I Need Some Advice on How to Build a Pontoon

Discussion in 'Metal Boat Building' started by AdventuresTech, Sep 27, 2023.

  1. AdventuresTech
    Joined: Sep 2023
    Posts: 6
    Likes: 2, Points: 1
    Location: Australia

    AdventuresTech Junior Member

    Hey all,

    This is my third try writing this so I’m just going to sum up my situation for you all. I’m planning on building a pontoon boat and I need help with it. How should I make the floats? I was thinking rolling 3mm 5083 aluminium (I can get 1200mm x 2400mm) into a 25” tube. This will leave me with 400mm sheets which I can use for the fencing and the consoles (I was thinking of a side console design). My main problems are with the nose cones and the cross beams. Nobody sells nose cones in m y city, and I don’t know how to make them. I also don’t know how much cross bracing/beams I should put on it. I can buy the motor mount and the trailer, and am thinking about a 9.9hp Yamaha, connected up to a side console set up.

    Anyways, cheers in advance.

    (Just want to note that I am not the best metal worker).
     
  2. BlueBell
    Joined: May 2017
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    Location: Victoria BC Canada

    BlueBell . . . _ _ _ . . . _ _ _

    This is easy.

    First, welcome to the Forum.

    If you're "not the best metal worker", then have them made by a competent shop.

    But before you do that, look for a proven design of what you're wanting to build and just build to the design.
    If you stick to the design then it will perform as expected and meet your needs.
    The more you deviate from the design, the less chance it will perform the way you want or expect.

    Cheers
     
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  3. AdventuresTech
    Joined: Sep 2023
    Posts: 6
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    Location: Australia

    AdventuresTech Junior Member

    Thanks mate, that’s a really good idea and I will probably use that.
     
  4. kapnD
    Joined: Jan 2003
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    Location: hawaii, usa

    kapnD Senior Member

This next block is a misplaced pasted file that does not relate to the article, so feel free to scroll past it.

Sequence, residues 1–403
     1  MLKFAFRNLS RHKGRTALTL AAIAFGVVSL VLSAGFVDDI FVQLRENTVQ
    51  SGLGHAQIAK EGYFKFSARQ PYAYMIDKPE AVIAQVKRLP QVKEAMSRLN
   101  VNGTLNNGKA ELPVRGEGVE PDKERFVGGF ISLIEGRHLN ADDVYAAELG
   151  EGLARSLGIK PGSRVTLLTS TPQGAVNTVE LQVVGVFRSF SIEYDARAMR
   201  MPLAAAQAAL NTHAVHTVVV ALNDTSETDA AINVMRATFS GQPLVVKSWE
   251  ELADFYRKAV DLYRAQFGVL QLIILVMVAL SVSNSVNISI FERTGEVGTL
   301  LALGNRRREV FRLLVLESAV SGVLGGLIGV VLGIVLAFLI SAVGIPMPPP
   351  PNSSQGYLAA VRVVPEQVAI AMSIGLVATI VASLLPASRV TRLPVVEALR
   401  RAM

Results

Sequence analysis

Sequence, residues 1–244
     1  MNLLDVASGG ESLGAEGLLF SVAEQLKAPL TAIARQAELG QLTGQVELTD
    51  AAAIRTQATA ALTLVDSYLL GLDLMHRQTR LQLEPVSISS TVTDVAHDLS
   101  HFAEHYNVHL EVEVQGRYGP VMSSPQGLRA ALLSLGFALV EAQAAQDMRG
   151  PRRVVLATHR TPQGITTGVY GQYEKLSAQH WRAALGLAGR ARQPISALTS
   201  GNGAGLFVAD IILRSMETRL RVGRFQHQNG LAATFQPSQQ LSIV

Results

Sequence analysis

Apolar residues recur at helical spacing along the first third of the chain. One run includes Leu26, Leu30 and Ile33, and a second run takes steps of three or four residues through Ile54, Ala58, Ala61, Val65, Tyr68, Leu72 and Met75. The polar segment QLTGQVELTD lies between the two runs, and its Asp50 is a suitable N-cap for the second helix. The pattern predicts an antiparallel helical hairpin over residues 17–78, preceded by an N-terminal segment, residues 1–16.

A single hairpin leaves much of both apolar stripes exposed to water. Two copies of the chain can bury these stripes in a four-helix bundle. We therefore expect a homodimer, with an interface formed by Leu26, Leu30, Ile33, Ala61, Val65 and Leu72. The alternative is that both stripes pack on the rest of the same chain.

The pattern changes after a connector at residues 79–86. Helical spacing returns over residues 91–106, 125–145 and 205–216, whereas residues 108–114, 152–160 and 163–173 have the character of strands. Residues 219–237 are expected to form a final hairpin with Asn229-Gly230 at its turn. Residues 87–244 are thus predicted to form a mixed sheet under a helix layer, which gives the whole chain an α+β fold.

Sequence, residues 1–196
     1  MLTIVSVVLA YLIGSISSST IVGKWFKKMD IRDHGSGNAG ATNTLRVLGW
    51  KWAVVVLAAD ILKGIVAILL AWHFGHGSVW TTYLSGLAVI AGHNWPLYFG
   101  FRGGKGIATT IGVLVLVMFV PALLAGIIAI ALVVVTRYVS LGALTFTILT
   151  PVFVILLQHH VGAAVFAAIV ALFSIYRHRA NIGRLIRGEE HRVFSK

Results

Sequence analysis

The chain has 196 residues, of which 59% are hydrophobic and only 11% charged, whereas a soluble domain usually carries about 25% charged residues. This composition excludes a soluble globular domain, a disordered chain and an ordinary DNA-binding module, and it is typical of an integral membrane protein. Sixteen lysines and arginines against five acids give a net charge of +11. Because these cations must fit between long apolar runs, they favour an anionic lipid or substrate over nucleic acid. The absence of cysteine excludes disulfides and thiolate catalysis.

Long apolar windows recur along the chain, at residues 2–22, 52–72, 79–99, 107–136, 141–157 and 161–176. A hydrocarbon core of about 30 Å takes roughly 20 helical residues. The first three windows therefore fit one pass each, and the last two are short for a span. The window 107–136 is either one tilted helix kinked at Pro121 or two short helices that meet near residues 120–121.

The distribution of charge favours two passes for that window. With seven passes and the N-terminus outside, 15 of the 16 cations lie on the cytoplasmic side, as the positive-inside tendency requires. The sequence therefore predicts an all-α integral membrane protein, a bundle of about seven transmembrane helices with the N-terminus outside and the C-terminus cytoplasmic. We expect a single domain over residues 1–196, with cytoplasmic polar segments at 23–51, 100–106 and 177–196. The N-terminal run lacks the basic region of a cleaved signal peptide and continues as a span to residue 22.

I’m thinking that there should be some structural members inside those tubes!
     
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  5. AdventuresTech
    Joined: Sep 2023
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    Location: Australia

    AdventuresTech Junior Member

    How should they be? Should I do like a cross section in between the lengths of the logs before I weld them all together? Or should I get long bits of metal and put them lengthways through them?
     
  6. Ad Hoc
    Joined: Oct 2008
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    Location: Japan

    Ad Hoc Naval Architect

    Welcome to the forum.

    The issue is, it needs to be designed first. And by that - I mean, how much 'weight' is being supported, as that leads to the size of the tubes, in terms of buoyancy.
    You can't just build "some tubes" and hope it works. Well you can, but not advisable!

    So, you really need to know what your pontoon is going to be doing, i.e. to work out how much it will weigh first.
    The SOR in simple terms.
     
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  7. AdventuresTech
    Joined: Sep 2023
    Posts: 6
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    Location: Australia

    AdventuresTech Junior Member

    Thanks mate, that sounds quite wise ( I mean you are a naval engineer and I’m not ) and that does bring up a good point. Now that I think about it, I would probably bring about 650kgs of weight onto it at any one time. That does excludes the weight of the pontoon on top of the floats though. Pretty much all I’m going to be doing on it is taking it out with some family and spending a day out on the water with it.
     
  8. gonzo
    Joined: Aug 2002
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    Location: Milwaukee, WI

    gonzo Senior Member

    Why are you choosing a pontoon? In general they are used because the low price of manufacturing at a factory. Write the SOR first and maybe other options will show to be better.
     
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  9. AdventuresTech
    Joined: Sep 2023
    Posts: 6
    Likes: 2, Points: 1
    Location: Australia

    AdventuresTech Junior Member

    Well I’m choosing a pontoon because it’ll be stable, not be too deep in the water (so I can go and land it at a beach or whatever in a lake) and because it’s probably the easiest to build.
     
  10. kapnD
    Joined: Jan 2003
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    Location: hawaii, usa

    kapnD Senior Member

    A flat bottomed monohull will draft less, require less horsepower, and still offer great stability. One hull is quicker to build, and will not involve cross beams and all the engineering that will require.
    If you’re dead set on pontoons, consider this:Plastic Pontoon https://plasticpontoon.com/
     
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  11. AdventuresTech
    Joined: Sep 2023
    Posts: 6
    Likes: 2, Points: 1
    Location: Australia

    AdventuresTech Junior Member

    Well yeah I found a place near me called MDS Marine Dock Systems and they sell them, and I can also get it with the decking, motor mount etc.
     
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